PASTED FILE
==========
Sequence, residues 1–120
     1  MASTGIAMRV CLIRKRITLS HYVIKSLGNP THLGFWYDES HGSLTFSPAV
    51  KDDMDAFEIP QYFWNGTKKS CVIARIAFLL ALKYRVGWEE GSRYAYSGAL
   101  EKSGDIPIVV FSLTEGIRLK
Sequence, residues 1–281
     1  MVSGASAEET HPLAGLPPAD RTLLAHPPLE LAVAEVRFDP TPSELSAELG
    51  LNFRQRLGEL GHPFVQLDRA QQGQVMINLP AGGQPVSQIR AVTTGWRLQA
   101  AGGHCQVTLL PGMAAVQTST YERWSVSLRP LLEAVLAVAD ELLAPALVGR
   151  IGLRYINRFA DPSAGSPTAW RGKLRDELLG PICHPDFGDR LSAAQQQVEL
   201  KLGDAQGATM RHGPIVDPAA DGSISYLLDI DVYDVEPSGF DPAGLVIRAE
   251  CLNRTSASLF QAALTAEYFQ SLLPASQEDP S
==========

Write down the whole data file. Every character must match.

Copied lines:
Sequence, residues 1–120
     1  MASTGIAMRV CLIRKRITLS HYVIKSLGNP THLGFWYDES HGSLTFSPAV
    51  KDDMDAFEIP QYFWNGTKKS CVIARIAFLL ALKYRVGWEE GSRYAYSGAL
   101  EKSGDIPIVV FSLTEGIRLK
Sequence, residues 1–281
     1  MVSGASAEET HPLAGLPPAD RTLLAHPPLE LAVAEVRFDP TPSELSAELG
    51  LNFRQRLGEL GHPFVQLDRA QQGQVMINLP AGGQPVSQIR AVTTGWRLQA
   101  AGGHCQVTLL PGMAAVQTST YERWSVSLRP LLEAVLAVAD ELLAPALVGR
   151  IGLRYINRFA DPSAGSPTAW RGKLRDELLG PICHPDFGDR LSAAQQQVEL
   201  KLGDAQGATM RHGPIVDPAA DGSISYLLDI DVYDVEPSGF DPAGLVIRAE
   251  CLNRTSASLF QAALTAEYFQ SLLPASQEDP S